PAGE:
While the economy grew by only 4% between 2003 and 2016, the income received by the top 5% of the population from things like shares and capital gains grew by up to 20%. This kind of capital income represents nearly half of the income of the country’s richest 1%.

The wealth of a nation

There are deeper indicators of wellbeing than monetary measures, which Stats SA says “are central to understanding South Africa’s inequality and to understanding the processes that generate South Africa’s money-based inequality”.

To this end, the report measures changes in asset ownership. A rise in ownership of both public assets (where 61.7% of people owned a flush toilet in 2009, 67.6% owned one in 2015) and private assets (where 6.2% of people owned internet services in 2009, 11.8% did so in 2015) indicates a reduction in the inequality of asset ownership in South Africa.

In the absence of income tax data currently being compiled by the South African Revenue Service and the national treasury, Stats SA does not move beyond this asset inequality to measure wealth. As a result, the effects that financial assets like deposits, bonds, equities, life insurance and pension funds have on inequality are left unexplored in the report.

But recent research by Stellenbosch University economist Anna Orthofer delves into precisely these effects and finds that wealth inequality in South Africa is staggering. The wealthiest 1% owns 67% of all the country’s wealth. The top 10% owns 93%. The remaining 90% of South Africa owns a paltry 7% of the country’s wealth.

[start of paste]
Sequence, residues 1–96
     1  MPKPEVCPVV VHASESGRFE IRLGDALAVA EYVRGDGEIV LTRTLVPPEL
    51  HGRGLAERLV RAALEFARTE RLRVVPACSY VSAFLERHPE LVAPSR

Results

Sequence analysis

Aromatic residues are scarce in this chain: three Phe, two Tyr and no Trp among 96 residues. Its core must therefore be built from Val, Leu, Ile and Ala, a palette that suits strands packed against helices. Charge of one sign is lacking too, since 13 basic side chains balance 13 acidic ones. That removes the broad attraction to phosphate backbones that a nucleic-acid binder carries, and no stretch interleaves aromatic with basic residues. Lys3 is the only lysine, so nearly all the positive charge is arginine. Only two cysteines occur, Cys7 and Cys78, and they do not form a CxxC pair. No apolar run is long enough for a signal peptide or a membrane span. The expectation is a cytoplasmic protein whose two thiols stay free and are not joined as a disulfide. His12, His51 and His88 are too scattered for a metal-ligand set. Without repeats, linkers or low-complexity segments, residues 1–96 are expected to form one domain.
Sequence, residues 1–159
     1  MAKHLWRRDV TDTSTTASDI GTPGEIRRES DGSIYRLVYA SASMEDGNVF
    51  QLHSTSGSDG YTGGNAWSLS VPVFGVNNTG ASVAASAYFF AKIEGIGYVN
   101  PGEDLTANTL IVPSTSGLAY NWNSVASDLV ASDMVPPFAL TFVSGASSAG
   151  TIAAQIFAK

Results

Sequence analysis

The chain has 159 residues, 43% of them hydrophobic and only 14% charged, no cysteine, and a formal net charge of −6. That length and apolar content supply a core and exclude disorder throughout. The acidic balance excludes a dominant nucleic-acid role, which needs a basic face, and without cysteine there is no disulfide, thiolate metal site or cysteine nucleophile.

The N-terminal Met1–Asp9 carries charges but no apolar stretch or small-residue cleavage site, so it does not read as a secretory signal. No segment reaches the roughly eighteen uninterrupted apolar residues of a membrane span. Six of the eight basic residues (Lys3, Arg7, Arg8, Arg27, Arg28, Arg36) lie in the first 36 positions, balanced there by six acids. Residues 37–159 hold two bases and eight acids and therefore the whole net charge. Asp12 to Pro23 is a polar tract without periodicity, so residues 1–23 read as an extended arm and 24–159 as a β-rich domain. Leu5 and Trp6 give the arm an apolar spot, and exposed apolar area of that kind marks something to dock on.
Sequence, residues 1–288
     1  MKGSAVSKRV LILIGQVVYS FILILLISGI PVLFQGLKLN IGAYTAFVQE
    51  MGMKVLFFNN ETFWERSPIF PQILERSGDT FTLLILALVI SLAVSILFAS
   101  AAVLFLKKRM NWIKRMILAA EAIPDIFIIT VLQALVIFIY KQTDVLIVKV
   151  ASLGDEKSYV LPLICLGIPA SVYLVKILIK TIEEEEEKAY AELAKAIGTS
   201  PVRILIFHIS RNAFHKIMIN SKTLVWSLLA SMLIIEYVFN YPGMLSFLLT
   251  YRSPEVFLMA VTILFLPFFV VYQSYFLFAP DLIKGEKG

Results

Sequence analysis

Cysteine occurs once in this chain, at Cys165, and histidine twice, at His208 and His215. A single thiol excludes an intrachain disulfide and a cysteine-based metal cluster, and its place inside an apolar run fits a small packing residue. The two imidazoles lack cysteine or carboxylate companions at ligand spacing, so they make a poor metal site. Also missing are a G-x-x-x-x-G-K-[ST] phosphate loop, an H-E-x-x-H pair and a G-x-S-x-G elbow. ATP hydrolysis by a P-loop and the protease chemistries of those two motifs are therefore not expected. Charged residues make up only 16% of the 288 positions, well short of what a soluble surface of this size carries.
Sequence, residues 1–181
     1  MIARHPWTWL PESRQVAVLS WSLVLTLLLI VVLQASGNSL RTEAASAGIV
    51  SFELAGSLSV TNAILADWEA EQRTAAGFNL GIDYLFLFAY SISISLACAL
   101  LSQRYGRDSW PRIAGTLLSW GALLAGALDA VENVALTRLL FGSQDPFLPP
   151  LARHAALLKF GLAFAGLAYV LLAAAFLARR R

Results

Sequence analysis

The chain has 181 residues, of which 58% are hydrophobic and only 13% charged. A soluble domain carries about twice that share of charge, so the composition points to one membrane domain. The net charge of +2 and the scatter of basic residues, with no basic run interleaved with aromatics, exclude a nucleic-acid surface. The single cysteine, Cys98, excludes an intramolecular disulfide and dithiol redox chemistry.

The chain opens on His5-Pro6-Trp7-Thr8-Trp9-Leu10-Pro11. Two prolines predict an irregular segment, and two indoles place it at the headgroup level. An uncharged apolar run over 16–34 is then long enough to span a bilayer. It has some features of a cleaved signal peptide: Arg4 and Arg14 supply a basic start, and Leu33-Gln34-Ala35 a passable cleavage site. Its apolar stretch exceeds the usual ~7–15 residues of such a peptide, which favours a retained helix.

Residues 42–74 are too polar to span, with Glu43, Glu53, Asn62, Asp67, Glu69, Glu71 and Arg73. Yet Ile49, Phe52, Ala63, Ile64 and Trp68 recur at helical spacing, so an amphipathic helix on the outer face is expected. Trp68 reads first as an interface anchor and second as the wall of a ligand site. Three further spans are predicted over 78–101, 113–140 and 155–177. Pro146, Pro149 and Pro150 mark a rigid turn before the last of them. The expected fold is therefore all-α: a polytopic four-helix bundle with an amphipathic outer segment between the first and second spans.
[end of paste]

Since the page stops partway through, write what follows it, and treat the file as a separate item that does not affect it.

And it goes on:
(Graphic: Infographic by Ryan Honeyball)

Inequality is spatial

The persistence of South Africa’s inequality a quarter century after formal democracy is, in large part, down to enduring colonial and apartheid geographies.

In the cities, skewed spatial legacies go a long way towards determining opportunities. (While Stats SA’s report does not delve into the details of city structure, 2016 research by the Socio-Economic Rights Institute of South Africa show that the peripheral homes of many black communities directly undermine their ability to find work.) And ethnic Bantustan borders imagined by apartheid law makers still map neatly along contours of access in the countryside.

(Graphic: Infographic by Ryan Honeyball)

While there have been demonstrable gains in the provision of basic services since the end of apartheid, the Inequality Trends report highlights that pockets of deprivation persist in South Africa’s former homelands. Areas where more than half of households are still unable to access piped water, for example, are still largely in the rural Eastern Cape and KwaZulu-Natal.

Inequality in access to other services also still hews to Bantustan boundaries. Only 41.8% of impoverished Limpopo homes, for example, mostly in former Venda, Lebowa and Gazankulu, had access to improved sanitation in 2015.

This article was first published by New Frame.

Dennis Webster

Dennis Webster

Dennis Webster has a research background in labour, land and housing. He writes about cities, farm work and popular politics in the countryside. Read more from Dennis Webster